Amazon Defense Coalition
10 August 2012 - FOR IMMEDIATE RELEASE
Contact: Paul Paz y Miño: +1 510.281.9020 x302, firstname.lastname@example.org
San Ramon, CA – The backstory to Chevron's disastrous refinery explosion this week in a small California town can be found thousands of miles away in Ecuador and Nigeria where for years vulnerable communities have been suffering the awful consequences of Chevron's greedy and conflict-ridden corporate culture, according to a new blog by Amazon Defense Coalition.
Chevron's senior management – including CEO John Watson and General Counsel R. Hewitt Pate – are rewarded by the company's weak-kneed Board of Directors with hefty pay increases after failing to adequately address the company's many operational and safety problems, most of which take place in communities of color, says the blog.
Earlier this week in Richmond – a community near San Francisco where 70% of the population is either black or Latino – Chevron caused almost 1,000 people to be hospitalized when a refinery the company operates exploded in a spectacular fire, spewing poisonous hydrocarbons over the city and forcing thousands to remain indoors.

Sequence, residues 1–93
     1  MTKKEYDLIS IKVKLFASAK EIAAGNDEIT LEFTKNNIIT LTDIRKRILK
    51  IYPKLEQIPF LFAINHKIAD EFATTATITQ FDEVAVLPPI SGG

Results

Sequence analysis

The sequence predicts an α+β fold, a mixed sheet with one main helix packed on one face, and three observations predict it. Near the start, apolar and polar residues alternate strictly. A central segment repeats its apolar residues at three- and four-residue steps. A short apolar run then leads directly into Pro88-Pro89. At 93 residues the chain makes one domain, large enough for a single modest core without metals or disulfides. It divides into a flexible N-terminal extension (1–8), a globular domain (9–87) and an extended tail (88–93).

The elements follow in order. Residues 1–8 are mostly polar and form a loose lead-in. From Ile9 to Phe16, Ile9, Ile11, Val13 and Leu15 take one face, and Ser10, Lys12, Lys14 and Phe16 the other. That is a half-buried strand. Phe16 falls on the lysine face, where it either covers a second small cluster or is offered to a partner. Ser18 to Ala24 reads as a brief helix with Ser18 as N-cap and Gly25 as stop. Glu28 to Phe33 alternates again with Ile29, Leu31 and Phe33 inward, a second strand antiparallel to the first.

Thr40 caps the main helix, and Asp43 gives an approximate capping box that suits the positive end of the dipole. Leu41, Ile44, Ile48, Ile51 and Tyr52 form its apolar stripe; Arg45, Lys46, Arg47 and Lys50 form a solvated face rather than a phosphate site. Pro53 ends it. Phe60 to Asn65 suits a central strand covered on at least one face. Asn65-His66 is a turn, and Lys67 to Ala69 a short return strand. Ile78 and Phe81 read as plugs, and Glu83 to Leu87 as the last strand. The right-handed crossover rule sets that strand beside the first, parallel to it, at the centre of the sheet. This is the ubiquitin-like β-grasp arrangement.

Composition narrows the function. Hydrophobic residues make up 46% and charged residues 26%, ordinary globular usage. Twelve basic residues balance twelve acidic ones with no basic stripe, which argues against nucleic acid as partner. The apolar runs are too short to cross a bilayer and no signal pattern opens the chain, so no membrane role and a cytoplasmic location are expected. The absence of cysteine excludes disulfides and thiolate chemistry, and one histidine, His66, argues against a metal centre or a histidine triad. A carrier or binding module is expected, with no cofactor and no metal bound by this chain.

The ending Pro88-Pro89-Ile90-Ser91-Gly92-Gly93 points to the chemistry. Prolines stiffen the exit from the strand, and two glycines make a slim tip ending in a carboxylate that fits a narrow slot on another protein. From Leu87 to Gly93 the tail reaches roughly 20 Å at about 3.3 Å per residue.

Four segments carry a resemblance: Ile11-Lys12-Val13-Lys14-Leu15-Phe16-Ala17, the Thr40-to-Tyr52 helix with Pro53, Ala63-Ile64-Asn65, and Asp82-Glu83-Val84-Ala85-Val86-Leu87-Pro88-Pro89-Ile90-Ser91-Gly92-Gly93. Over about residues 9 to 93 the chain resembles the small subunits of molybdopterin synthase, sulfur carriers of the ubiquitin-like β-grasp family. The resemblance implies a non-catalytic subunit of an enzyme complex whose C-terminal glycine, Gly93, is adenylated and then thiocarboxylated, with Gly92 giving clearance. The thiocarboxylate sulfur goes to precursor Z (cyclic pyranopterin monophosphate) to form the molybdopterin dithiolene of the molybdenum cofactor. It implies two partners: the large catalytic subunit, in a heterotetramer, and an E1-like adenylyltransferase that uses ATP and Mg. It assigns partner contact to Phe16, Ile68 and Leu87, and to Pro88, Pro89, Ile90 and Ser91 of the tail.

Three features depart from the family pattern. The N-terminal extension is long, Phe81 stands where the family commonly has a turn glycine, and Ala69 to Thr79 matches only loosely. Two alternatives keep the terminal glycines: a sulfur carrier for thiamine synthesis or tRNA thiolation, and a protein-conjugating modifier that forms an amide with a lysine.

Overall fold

"It is quite clear that Chevron's senior managers receive bonuses for devising strategies to evade the company's legal and moral obligations," said Karen Hinton, the U.S. spokesperson for the indigenous and farmer communities in Ecuador who recently won a $19.04 billion judgment against Chevron after the court found the company dumped toxic waste into Amazon waterways over a 26-year period.
"The Richmond disaster makes it even more obvious that moral rot has taken hold of the company and infected the entire executive suite."
In the meantime, numerous Chevron institutional shareholders are in open rebellion against company management over the Ecuador issue while environmental groups are calling on governments to cut off further business with the oil giant until it begins to respect the rule of law in Ecuador, Richmond, Nigeria and elsewhere.
The blog post can be found here.